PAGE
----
Strong voter turnout and better ballot access leads to historic election results in San Juan County.
One of the ACLU’s unofficial mottos is “Vote like your rights depend on it.”
But what if you can’t exercise that right?
Last November’s midterm election was the first major vote in San Juan County since the ACLU of Utah reached a positive settlement with the county to provide in-person voter assistance and non-English translation services at polling places on the Navajo Nation. The settlement came after we sued the county in 2016 over its decision to switch to an exclusive vote-by-mail system and reduce in-person voting to only one location located far from many Native American communities.
Now that the spotlight has shifted from the courtroom to the ballot box, the ACLU of Utah sent two staffers to San Juan County to ensure that the settlement provisions were being followed during the midterm election. After spending several days at multiple locations in the county, the ACLU’s impressions were generally positive. Turnout was high—a thousand more people voted in 2018 than during the last midterm in 2014—while feedback from Native American residents indicated that voting was easier this time. In addition, two Native Americans were elected to the county’s three-person commission, giving the county’s majority Native American population proportionate representation in local government for the first time in history. Despite these positive signs, our team also noted several areas that needed more work, including better training for poll workers, more education about voter ID requirements, and increased ballot security.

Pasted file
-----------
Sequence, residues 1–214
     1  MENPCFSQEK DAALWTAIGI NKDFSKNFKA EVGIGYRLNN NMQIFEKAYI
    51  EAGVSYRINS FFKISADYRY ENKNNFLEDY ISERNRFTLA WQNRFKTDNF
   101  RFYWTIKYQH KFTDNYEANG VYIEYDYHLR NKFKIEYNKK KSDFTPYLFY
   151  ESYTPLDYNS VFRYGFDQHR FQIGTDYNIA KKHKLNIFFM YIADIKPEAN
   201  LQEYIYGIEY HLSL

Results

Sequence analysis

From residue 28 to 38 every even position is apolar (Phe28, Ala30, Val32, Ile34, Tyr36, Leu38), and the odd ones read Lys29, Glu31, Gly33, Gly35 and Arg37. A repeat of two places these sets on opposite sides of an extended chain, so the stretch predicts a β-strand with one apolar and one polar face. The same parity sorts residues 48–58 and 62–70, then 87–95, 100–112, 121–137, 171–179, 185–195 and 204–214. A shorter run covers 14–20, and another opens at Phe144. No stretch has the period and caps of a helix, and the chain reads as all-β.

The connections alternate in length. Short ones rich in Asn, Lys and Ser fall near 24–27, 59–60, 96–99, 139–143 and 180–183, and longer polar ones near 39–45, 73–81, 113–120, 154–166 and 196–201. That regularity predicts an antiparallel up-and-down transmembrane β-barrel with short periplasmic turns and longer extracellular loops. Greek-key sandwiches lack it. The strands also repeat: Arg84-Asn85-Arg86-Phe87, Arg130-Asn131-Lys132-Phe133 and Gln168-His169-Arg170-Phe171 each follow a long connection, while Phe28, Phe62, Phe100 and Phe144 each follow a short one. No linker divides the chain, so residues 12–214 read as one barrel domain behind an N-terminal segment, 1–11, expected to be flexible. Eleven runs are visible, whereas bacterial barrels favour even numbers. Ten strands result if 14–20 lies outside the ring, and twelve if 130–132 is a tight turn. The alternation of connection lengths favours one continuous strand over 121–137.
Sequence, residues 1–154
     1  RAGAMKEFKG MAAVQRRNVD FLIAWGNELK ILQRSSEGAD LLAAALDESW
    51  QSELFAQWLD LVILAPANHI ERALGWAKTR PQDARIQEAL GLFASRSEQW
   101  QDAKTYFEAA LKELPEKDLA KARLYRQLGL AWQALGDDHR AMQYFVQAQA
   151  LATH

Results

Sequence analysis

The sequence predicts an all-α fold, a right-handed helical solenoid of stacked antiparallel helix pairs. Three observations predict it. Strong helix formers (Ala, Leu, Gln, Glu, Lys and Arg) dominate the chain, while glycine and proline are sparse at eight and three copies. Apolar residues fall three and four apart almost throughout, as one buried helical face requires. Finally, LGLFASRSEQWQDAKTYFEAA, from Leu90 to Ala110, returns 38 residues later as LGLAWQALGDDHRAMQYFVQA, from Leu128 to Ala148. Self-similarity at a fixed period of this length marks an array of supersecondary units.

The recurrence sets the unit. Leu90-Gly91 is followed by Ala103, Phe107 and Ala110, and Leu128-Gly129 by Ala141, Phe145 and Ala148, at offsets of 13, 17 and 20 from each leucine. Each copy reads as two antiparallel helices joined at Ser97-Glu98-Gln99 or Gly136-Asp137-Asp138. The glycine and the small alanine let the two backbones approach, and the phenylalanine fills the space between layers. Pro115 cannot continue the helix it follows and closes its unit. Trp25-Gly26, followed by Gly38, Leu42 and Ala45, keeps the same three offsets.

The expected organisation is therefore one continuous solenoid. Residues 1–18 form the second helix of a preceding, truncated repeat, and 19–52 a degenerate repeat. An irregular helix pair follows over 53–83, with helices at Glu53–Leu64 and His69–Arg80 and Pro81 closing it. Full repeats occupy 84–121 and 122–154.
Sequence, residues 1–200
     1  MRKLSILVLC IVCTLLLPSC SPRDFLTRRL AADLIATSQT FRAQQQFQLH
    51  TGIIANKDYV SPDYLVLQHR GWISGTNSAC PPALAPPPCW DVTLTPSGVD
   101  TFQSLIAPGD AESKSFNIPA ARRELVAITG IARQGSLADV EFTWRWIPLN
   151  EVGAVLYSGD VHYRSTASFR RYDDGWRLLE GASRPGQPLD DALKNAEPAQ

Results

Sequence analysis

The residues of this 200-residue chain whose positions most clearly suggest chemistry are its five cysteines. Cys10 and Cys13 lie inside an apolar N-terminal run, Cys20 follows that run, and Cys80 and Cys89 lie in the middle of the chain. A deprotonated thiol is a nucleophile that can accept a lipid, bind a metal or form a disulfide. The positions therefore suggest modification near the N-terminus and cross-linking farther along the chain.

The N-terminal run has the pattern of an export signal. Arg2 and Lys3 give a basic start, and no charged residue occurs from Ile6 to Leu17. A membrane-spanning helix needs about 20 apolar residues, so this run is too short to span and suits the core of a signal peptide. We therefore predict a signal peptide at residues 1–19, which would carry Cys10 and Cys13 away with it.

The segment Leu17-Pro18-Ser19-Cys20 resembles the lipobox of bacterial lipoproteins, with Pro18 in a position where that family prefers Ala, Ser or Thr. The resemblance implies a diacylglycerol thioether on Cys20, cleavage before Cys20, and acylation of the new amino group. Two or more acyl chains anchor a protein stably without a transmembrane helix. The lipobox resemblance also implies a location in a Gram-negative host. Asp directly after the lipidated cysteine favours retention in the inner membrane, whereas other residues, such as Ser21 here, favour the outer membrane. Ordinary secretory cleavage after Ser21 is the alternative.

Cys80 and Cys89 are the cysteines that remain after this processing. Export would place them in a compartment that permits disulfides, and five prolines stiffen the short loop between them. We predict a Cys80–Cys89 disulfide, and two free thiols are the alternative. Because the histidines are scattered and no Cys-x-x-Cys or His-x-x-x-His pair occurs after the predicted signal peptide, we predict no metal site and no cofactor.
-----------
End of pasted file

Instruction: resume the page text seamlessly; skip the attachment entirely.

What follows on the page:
The impressive voter turnout in San Juan County’s midterm election would not have been possible without the newly-formed Rural Utah Project (RUP). Not only did RUP register 1,600 San Juan County residents to vote prior to the election, they also increased turnout by correcting voter lists, buying radio ads to promote the election, and driving residents to the polls. This summer, RUP is partnering with Google to assign rural houses in San Juan County—which often lack a street address—a geo-located “Plus Code” address to assist with voting, mail delivery, and emergency services. More information about RUP’s work can be found at www.ruralutahproject.org.
RUP is part of a coalition of more than a dozen groups convened by the ACLU of Utah to improve voting access and education across the state. Representatives from these organizations attended the coalition’s first meeting this April and pledged to coordinate their efforts ahead of the 2020 election. Going forward, we plan to take the best practices we learned in San Juan County and leverage them to every corner of the state, so that all Utahns can “Vote like their rights depend on it.”
...from the Spring 2019 Liberty Reporter